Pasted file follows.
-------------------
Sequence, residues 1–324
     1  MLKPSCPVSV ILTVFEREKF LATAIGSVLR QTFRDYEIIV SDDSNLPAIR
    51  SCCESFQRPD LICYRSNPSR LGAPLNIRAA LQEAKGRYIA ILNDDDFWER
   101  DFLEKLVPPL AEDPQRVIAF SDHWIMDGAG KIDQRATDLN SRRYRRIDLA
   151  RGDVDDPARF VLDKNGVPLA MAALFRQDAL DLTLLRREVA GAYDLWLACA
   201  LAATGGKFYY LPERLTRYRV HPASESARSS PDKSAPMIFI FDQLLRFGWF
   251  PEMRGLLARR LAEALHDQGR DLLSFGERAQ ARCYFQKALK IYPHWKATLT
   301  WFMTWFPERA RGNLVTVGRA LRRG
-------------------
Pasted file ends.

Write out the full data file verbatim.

Sequence, residues 1–324
     1  MLKPSCPVSV ILTVFEREKF LATAIGSVLR QTFRDYEIIV SDDSNLPAIR
    51  SCCESFQRPD LICYRSNPSR LGAPLNIRAA LQEAKGRYIA ILNDDDFWER
   101  DFLEKLVPPL AEDPQRVIAF SDHWIMDGAG KIDQRATDLN SRRYRRIDLA
   151  RGDVDDPARF VLDKNGVPLA MAALFRQDAL DLTLLRREVA GAYDLWLACA
   201  LAATGGKFYY LPERLTRYRV HPASESARSS PDKSAPMIFI FDQLLRFGWF
   251  PEMRGLLARR LAEALHDQGR DLLSFGERAQ ARCYFQKALK IYPHWKATLT
   301  WFMTWFPERA RGNLVTVGRA LRRG